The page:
ReplyDelete
  4. If this comment shows up twice please delete one.

    What a great memory! Growing up in Michigan we often went to the berry farm to pick strawberries and at a nearby orchard you could pick apples, peaches and cherries. It is one of the things I miss about Michigan. My mother canned and froze all sorts of crops.

    ReplyDelete

Post a Comment

Conversations are so much nicer when more than one person does the talking. :-) Please leave a comment and let me know your thoughts; I'd love to hear from you!

Popular posts from this blog

Ten Things of Thankful: Even in Times of Uncertainty

  A railroad switch point on the tracks at the Golden Spike National Historic Park There is a lot I don't know. I don't know who will lead the United States for the next four years (at the time I'm composing this post, that hasn't been determined yet.) I don't know when covid cases will stop rising in my state and start decreasing. I don't know how challenging situations will turn out. There is much uncertainty in life. Living in limbo-land is hard. It's emotionally exhausting. It can be immobilizing. My body seems to think chocolate is the answer, but I know that isn't a long-term solution. What do I need in times like these? I need to REMEMBER . 1. R esilience. People are resilient. I am resilient. I'm thankful for resilience. 2. " E ach Life That Touches Ours for Good." So many people, both those I know in "real life," and those I have only met virtually, have taught me, encouraged me, and been examples to me. I'm thankful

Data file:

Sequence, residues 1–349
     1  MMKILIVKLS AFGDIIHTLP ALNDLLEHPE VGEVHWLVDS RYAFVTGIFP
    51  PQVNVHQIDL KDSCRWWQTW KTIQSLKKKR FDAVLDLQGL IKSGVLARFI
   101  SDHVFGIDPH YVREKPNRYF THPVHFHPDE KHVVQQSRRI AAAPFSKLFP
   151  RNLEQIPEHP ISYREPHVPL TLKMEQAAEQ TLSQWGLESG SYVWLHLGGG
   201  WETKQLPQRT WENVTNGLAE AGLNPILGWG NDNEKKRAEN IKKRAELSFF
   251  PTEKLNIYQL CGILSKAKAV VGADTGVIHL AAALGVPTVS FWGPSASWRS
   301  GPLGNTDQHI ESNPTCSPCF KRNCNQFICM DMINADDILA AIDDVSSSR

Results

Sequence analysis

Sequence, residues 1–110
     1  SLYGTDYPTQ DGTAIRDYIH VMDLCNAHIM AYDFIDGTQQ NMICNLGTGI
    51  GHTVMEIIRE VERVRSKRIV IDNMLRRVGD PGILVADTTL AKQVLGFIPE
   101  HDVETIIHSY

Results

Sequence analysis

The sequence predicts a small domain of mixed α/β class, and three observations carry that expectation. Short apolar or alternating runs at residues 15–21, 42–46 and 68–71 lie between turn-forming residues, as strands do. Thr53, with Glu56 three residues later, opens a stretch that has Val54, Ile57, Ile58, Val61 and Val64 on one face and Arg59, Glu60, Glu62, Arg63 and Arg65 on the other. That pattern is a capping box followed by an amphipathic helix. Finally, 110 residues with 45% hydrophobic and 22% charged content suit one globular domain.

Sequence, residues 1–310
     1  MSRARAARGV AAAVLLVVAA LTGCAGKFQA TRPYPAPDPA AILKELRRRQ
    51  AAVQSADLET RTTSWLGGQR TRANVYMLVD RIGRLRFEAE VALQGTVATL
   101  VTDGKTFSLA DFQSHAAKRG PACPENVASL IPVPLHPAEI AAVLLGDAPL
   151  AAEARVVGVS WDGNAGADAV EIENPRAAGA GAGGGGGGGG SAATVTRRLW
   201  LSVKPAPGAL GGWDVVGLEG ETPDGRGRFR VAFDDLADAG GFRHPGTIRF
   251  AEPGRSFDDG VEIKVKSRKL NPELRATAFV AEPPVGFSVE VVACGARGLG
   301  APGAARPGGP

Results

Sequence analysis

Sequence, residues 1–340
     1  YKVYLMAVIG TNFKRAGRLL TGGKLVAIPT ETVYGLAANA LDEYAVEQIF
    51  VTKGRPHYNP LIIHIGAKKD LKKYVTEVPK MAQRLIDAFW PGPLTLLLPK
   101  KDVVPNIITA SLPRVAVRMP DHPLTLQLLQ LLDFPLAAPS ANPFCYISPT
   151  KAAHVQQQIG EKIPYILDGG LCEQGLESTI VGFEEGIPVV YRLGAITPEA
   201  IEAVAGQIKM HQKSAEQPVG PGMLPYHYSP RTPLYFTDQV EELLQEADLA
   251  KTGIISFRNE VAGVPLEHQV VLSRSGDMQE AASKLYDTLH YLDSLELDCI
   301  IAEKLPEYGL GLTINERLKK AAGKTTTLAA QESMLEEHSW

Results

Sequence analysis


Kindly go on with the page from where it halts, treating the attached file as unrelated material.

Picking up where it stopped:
Ten Things of Thankful: Another Trip Around the Sun

  A mixed bouquet of pink and purple flowers sits on a round table Last weekend, I celebrated another birthday. I think the earth moves around the sun faster and faster each year, but I can't prove it. Before another minute goes by, let me share my Ten Things of Thankful list for this week. I'm thankful for family: A birthday dinner with my daughter Birthday calls/texts from family members Beautiful flowers from my children A Facetime call with grandchildren. (My grandson repeated three words the entire time: "I am three!" At one point, I told him I would call him Groot.😉)  Drexel and his laid-back nature (The following video shows Drexel on the floor, while the robotic vacuum repeatedly runs into him and starts up his hind leg and tail. Drexel never gets up.) John and his engineering skills. Yesterday, the bishopric of our ward (church congregation) drove around the neighborhood and (taking care to observe covid recommendations) passed out doughnuts to everyone. Eac

Ten Things of Thankful: Short and Sweet

  A yellow-orange sunset behind mountains, as viewed from my front porch. Red geraniums in white planter boxes line the porch rail. I'm thankful for: 1. Beautiful sunsets. 2. Snowfall. 3. Friends. 4. Flowers. 5.Online shopping. 6. Easy returns. 7. Organized rooms. 8. Prayer. 9. Family. 10. John. What are your ten things this week? Joining me this week: IThrive3:20 The Prolific Pulse messymimi's meanderings A season and a time Artistic Mystic Soul the Wakefield Doctrine Backsies Is What There Is Not Her Headache You are invited to the Inlinkz link party! Click here to enter